ADELAIDE, Australia, July 16 (UPI) — Australian researchers say obese men are less likely than others to taste fat and less likely to react physiologically.
Researchers at the University of Adelaide in Australia not only found lean men were more likely to detect the taste of fat but the fat was more likely to stimulate gut hormones that are released into the bloodstream and help suppress appetite.
“At this point it is not possible to tell whether reduced responsiveness to the taste of fat or reduced gut hormone release causes over-consumption of fat, or whether eating a high-fat diet impairs taste and hormonal responses to fat,” lead investigator Christine Feinle-Bisset says in a statement. “We found that being obese was associated with a reduced ability to detect fat taste, and with reduced release of an appetite-suppressing gut hormone.”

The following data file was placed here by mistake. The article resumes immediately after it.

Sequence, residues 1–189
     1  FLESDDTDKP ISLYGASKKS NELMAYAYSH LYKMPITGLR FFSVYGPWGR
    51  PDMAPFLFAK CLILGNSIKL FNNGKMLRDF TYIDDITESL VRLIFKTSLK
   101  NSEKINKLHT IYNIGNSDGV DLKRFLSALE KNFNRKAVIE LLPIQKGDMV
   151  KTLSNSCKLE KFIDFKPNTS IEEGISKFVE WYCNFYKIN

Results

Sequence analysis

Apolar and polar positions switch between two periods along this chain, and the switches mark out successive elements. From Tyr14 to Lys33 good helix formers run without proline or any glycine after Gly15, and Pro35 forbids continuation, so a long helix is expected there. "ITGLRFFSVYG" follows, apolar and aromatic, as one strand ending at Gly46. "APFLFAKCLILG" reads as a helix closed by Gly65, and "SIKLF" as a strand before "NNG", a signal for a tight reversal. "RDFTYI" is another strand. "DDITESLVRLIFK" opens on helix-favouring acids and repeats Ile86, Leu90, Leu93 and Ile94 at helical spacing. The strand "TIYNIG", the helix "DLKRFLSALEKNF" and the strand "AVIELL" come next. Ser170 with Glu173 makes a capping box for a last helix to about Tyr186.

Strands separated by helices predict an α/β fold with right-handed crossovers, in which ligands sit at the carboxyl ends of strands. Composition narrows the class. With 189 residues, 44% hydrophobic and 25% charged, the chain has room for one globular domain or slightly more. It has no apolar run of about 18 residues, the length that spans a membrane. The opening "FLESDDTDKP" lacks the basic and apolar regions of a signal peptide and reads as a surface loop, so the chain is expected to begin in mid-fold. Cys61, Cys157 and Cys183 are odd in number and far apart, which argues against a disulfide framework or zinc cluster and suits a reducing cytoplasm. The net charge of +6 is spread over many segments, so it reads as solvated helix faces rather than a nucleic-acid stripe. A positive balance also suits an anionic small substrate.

Feinle-Bisset and colleagues asked lean men and obese men to sip drinks with small amounts of fat and indicate when they could taste the fat. The researchers also measured blood levels of a hormone that is normally released from the gut when fat is consumed.
The findings were presented at the annual meeting of the Society for the Study of Ingestive Behavior in Pittsburgh.
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